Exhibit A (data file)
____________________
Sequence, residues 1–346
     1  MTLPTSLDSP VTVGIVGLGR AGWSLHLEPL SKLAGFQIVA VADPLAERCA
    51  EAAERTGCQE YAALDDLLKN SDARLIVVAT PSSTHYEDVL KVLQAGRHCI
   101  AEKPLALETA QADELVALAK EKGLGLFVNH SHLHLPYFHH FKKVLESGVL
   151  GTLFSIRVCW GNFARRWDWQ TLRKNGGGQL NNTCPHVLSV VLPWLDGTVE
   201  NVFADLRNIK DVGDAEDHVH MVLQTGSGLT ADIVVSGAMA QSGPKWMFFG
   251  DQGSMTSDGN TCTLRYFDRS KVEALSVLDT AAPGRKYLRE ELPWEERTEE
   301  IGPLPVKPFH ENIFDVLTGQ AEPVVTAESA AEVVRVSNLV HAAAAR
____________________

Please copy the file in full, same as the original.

Sequence, residues 1–346
     1  MTLPTSLDSP VTVGIVGLGR AGWSLHLEPL SKLAGFQIVA VADPLAERCA
    51  EAAERTGCQE YAALDDLLKN SDARLIVVAT PSSTHYEDVL KVLQAGRHCI
   101  AEKPLALETA QADELVALAK EKGLGLFVNH SHLHLPYFHH FKKVLESGVL
   151  GTLFSIRVCW GNFARRWDWQ TLRKNGGGQL NNTCPHVLSV VLPWLDGTVE
   201  NVFADLRNIK DVGDAEDHVH MVLQTGSGLT ADIVVSGAMA QSGPKWMFFG
   251  DQGSMTSDGN TCTLRYFDRS KVEALSVLDT AAPGRKYLRE ELPWEERTEE
   301  IGPLPVKPFH ENIFDVLTGQ AEPVVTAESA AEVVRVSNLV HAAAAR